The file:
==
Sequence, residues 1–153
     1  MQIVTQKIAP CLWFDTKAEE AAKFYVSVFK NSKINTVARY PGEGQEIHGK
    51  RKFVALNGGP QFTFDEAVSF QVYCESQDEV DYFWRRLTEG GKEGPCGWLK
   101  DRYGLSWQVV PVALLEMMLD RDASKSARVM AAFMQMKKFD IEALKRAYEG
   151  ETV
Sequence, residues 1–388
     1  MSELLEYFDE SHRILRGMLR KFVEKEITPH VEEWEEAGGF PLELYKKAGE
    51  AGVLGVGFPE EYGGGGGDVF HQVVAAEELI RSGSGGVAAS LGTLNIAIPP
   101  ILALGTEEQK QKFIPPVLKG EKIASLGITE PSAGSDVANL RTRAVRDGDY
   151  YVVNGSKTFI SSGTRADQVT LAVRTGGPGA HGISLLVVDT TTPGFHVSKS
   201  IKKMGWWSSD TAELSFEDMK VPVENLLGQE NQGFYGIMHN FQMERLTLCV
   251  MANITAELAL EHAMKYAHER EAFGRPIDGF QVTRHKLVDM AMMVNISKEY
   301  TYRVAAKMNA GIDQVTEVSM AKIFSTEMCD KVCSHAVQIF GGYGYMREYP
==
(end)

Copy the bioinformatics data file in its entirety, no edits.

Sequence, residues 1–153
     1  MQIVTQKIAP CLWFDTKAEE AAKFYVSVFK NSKINTVARY PGEGQEIHGK
    51  RKFVALNGGP QFTFDEAVSF QVYCESQDEV DYFWRRLTEG GKEGPCGWLK
   101  DRYGLSWQVV PVALLEMMLD RDASKSARVM AAFMQMKKFD IEALKRAYEG
   151  ETV
Sequence, residues 1–388
     1  MSELLEYFDE SHRILRGMLR KFVEKEITPH VEEWEEAGGF PLELYKKAGE
    51  AGVLGVGFPE EYGGGGGDVF HQVVAAEELI RSGSGGVAAS LGTLNIAIPP
   101  ILALGTEEQK QKFIPPVLKG EKIASLGITE PSAGSDVANL RTRAVRDGDY
   151  YVVNGSKTFI SSGTRADQVT LAVRTGGPGA HGISLLVVDT TTPGFHVSKS
   201  IKKMGWWSSD TAELSFEDMK VPVENLLGQE NQGFYGIMHN FQMERLTLCV
   251  MANITAELAL EHAMKYAHER EAFGRPIDGF QVTRHKLVDM AMMVNISKEY
   301  TYRVAAKMNA GIDQVTEVSM AKIFSTEMCD KVCSHAVQIF GGYGYMREYP